Serendipity: “If by chance a lucky find” and I sure did!
Amazing Cloud Inversion at Dunstable Downs in Bedfordshire.
After a rainy day, we drove from St Albans to Dunstable Downs, one of our favorite spots. The endless rain finally gave way to a spectacular cloud inversion just as the sun was setting, and we found ourselves driving up the hill into the clouds, or rather, fog!
I quickly checked Drone Assist to make sure there were no other drones or kites in the vicinity of the car park, and then set off my drone, which I call “Buzzy.” She took off into the fog at dusk, and I could see her location thanks to her strobe light.
Since the sun had already set and the fading light of dusk was upon us, I had to turn up the ISO settings to film any footage at all. But as soon as I made this change, the wonderful world view of the Downs above the cloud inversion hugging the topography revealed itself. The end result was jaw-dropping, but the image would be very grainy and noisy. I figured this was a good trade-off, but I would have to look into noise reduction utilities in post.
I had realized from the moment we drove up the hill that I was in a fading light race against time. Luckily, my mobile signal was good up there, so I was able to quickly do my checks and set up.
I had visited the Downs hundreds of times when I lived in Luton, and even worked there for a period. I had seen blizzards up there, leant into the wind, flown a kite, followed ancient maps, and studied the archaeology of the area. I had even cycled down that slope many moons ago, and was rewarded with a spectacular tumble that resulted in a grazed knee and elbow! I was lucky it wasn’t worse!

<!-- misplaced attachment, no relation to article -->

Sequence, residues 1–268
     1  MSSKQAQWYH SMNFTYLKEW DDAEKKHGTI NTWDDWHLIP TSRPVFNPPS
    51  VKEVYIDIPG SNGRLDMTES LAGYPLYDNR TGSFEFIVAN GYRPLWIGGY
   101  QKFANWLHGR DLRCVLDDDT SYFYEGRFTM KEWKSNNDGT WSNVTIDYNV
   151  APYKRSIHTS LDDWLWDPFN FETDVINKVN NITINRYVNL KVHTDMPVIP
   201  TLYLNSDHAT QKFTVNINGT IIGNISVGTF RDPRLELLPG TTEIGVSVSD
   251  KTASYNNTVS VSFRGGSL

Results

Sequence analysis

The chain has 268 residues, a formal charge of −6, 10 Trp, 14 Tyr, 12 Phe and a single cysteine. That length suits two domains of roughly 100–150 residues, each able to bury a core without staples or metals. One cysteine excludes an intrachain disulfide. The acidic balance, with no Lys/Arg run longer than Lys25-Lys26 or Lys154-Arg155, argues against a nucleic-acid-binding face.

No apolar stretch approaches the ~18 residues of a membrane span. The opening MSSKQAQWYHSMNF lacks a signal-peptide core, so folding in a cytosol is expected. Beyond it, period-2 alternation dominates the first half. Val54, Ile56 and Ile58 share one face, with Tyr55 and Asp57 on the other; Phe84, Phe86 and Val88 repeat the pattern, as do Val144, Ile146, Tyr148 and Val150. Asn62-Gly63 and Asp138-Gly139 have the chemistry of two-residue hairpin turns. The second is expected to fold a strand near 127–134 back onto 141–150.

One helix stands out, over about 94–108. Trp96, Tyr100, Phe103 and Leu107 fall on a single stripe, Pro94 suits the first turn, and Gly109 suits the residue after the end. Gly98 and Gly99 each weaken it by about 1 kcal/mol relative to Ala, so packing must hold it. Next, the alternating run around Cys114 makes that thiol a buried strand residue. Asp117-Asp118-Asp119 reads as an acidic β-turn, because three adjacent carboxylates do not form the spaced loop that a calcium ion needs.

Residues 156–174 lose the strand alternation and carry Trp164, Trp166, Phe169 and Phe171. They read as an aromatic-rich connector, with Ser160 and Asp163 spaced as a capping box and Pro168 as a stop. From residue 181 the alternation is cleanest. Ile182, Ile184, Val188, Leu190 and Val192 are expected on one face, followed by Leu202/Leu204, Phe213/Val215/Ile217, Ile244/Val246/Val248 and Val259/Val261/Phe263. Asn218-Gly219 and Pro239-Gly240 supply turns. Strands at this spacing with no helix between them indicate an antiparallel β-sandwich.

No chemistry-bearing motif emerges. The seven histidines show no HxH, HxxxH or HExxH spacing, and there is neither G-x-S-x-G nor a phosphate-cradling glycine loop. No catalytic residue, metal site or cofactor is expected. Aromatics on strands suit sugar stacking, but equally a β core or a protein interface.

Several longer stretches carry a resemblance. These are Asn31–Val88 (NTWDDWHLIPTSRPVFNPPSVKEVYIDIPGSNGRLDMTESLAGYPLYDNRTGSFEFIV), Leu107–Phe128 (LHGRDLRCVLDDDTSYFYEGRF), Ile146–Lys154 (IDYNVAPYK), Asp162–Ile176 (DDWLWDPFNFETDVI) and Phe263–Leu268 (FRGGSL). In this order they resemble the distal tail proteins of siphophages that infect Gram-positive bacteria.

There is said to be a Roman temple up there that was dedicated to Jupiter. The Icknield Way, which was a broad network of lanes with lower winter routes and higher summer routes, was perhaps used for pasturing sheep on the higher grounds during the summer months. There are also some deep hollow ways traversing the Downs to the foot of nearby Bison Hill, which are ancient to say the least!
On the far side of Pascombe Pit, (shown under the “D” of “Dunstable” on the video thumbnail) is the Five Knolls Barrow complex, as noted by 18th century antiquarian William Stewkley and investigated by Worthington Smith, who lived in Dunstable for a while and famously excavated by Mortimer Wheeler. There were some impressive finds (Google it, or ask an AI!).
The famous California Ballroom used to be situated on the road leading up the hill. I have seen so many bands there, and it was legendary for coach outings from far afield. Sadly, it’s gone now. We used to catch the bus from Stopsley directly to “California” (as the area of the ballroom became known). We would start by drinking a pint or two from the 60s art extravaganza “The Windsock” – a pub – an innovative “wonk” structure set on tripodic leg mounts with a seemingly curvy boat-like design. It was only standing for a decade or so before it was certified as “unsafe” and eventually demolished!
This area and landscape feature was a definitive corner of England, with Dunstable being an important geographically central crossroads of middle England. The ancient Icknield Way crosses the Roman Watling Street here, which was one of the four major Roman British roads. So all in all, after three years, we return to eastern England to the point where east turns into the midlands and home counties, and the visage towards the west. To me, Dunstable and the Downs meant there was hope from the drudgery of living in a claustrophobic busy urban conurbation.
In all the times I ever visited the Downs, I had never witnessed such an event as I did on this occasion. We had not planned to visit the Downs that day; it was a “spontaneous” moment! I hope you enjoy the video!
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